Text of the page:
Look how far we've come!

I want to thank all of you for looking and liking us so much that you have followed us!

I promise that you will love our progress, our dedication in teaching, and our fall backs!

We love you greatly! 

Thank you dear followers!


Becky: How to: Double Puff Sleeves

As I've mentioned before I'm always up for a new challenge for each project I do. This is a past challenge I had most trouble with....
Double Puff Sleeves Dun-dun-dun!!!

 
I think the dresses came out great though! 

Ive found that a double puff sleeve is more difficult with sleeves rather than just the double puff sleeve itself. Ill only be showing the short sleeve construction. You could use the same directions for the long sleeve though.
To start off, we cut the lining and trace the center where you will sew in the middle creating one of the puffs. 

...and the same with the fashion fabric. Sew the lining and sleeve seam lines separate. Then do a running stitch on the bottom, the line traced in the middle, and the top of fashion fabric.

Pin the bottom lining and bottom part of the sleeve into four sections, gather the excess fabric, then sew.

Turn right side out.


Finished edges.
Then align the two middle with the tracings you used in the first step.

 
Gather and pin fashion fabric to lining following the two traced lines. *Can be tricky... was for me*

This is how I section the bottom and the top (Top view). Pin the North, South, East, and West (four corners): seam line, across the seam line and the middles of both pinned sections. Continue the "divide and concurred".

Sew the top of the sleeve with raw edges out.  

Voila! 
*To get the puffs to stay puffed, our ancestors used wool felting, but I have used *cough* polyester netting as a lining of the same size of the fashion fabric.*

Thursday, March 21, 2013

Becky: Rolled Hems

I always try to learn something new each project I do. This time I have a few "challenges".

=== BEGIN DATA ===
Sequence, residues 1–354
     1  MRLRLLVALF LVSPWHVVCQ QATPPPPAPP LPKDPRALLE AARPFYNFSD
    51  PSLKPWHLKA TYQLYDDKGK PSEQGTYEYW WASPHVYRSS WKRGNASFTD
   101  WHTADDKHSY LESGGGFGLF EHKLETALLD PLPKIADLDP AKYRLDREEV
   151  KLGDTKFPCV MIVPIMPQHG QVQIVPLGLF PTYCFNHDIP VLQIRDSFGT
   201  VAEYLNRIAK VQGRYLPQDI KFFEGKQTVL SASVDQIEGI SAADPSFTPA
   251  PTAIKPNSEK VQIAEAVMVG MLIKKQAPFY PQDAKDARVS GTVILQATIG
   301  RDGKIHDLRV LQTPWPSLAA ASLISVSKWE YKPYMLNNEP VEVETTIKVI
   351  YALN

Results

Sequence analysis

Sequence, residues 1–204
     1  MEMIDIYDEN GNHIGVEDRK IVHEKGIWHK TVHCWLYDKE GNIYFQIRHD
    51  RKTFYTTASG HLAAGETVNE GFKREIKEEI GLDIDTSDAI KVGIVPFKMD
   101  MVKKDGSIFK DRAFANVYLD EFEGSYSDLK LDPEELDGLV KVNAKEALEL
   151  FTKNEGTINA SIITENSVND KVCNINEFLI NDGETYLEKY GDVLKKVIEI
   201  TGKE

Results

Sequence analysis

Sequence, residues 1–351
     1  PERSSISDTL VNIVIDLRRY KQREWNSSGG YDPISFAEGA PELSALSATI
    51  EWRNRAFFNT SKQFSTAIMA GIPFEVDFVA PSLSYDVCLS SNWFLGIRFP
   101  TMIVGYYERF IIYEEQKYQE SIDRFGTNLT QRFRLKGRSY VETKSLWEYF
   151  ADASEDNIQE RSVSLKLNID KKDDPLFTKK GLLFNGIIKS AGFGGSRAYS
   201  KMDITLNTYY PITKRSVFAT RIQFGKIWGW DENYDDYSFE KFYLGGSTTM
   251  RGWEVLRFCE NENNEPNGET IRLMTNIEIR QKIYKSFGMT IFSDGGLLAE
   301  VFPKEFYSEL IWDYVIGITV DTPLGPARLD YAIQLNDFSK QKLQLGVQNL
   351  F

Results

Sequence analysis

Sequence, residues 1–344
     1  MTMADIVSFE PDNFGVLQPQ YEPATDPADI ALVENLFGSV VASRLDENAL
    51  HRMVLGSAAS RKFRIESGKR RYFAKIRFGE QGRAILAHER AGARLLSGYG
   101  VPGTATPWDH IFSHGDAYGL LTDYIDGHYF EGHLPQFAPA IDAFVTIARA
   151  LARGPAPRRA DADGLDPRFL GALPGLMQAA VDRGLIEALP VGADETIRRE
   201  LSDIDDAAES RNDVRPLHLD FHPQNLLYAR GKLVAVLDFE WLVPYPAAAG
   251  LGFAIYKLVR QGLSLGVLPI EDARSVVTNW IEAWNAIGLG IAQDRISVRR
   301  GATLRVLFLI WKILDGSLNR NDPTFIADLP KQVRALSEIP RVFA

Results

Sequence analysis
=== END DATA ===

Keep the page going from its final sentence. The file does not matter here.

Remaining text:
1. The many flounces on the skirt
  2. The double pagoda sleeve
  3. Creating an attached undersleeve
  4. Rushing at the armhole (armscye)
I am currently working on rolling the hems. The Sewing Academy and Elizabeth Stewart Clark's book shows a decent job of rolling hems, but I, for some reason, couldn't get it. 

So, onto Youtube!

This is the clip I found most helpful. The video is a little long, but that is what I need to understand the technique. 

I'm chugging along on the flounces. Mind you I have both sides of the fabric I must hem and there are 5 flounces on the dress. Along with that the flounces are GATHERED! Which means there are more than the width of the skirt! My skirts circumference is already 180 inches. Therefore, ONE flounce length is 240 inches... then multiply that by 5! Oh boy! Heaven help me!

A Tea Party?!

I want to do a historic tea party!!!

Please please please????!!!!!
Can we? Can we? Can we?

Ive always wanted to do a tea party, and in the past Ive hosted small groups (4-6) friends at my house. But thats not what Im talking about!

I want a BIG fancy tea party!

I have three places in the Southeast area of Michigan I was thinking of hosting one:
Google
The first one is The Henry Ford Estate, Dearborn, MI
I know the building itself is closed for repair, but the grounds is always open for the public! 

Flikr
The second is my personal favorite. Greenfield Village, Dearborn, MI
There are no words to describe how much I love this place. Im just so happy that it's right around the corner!

Google
The third choice (but not the only choice), is Mill Race Village, Northville, MI
Its like a mini Greenfield Village, but more personal!

Wouldn't it be grand to have men and women in fancy historical clothes of any era walking about enjoying tea, playing games on the green, and just having a grand ol' time!

Google

Google

If you're in the area and are interested for a summer tea party in MI let me know!


Wednesday, March 20, 2013

"Becky! You need to post something!" "Okay, Okay!"